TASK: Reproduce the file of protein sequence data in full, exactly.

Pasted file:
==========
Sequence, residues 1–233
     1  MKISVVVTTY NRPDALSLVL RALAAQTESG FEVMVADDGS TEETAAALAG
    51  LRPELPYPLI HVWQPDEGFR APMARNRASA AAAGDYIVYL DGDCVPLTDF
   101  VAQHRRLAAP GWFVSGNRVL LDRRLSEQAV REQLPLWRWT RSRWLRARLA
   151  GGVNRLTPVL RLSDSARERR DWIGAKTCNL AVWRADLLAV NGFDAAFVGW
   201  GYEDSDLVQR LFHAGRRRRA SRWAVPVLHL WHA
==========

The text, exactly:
Sequence, residues 1–233
     1  MKISVVVTTY NRPDALSLVL RALAAQTESG FEVMVADDGS TEETAAALAG
    51  LRPELPYPLI HVWQPDEGFR APMARNRASA AAAGDYIVYL DGDCVPLTDF
   101  VAQHRRLAAP GWFVSGNRVL LDRRLSEQAV REQLPLWRWT RSRWLRARLA
   151  GGVNRLTPVL RLSDSARERR DWIGAKTCNL AVWRADLLAV NGFDAAFVGW
   201  GYEDSDLVQR LFHAGRRRRA SRWAVPVLHL WHA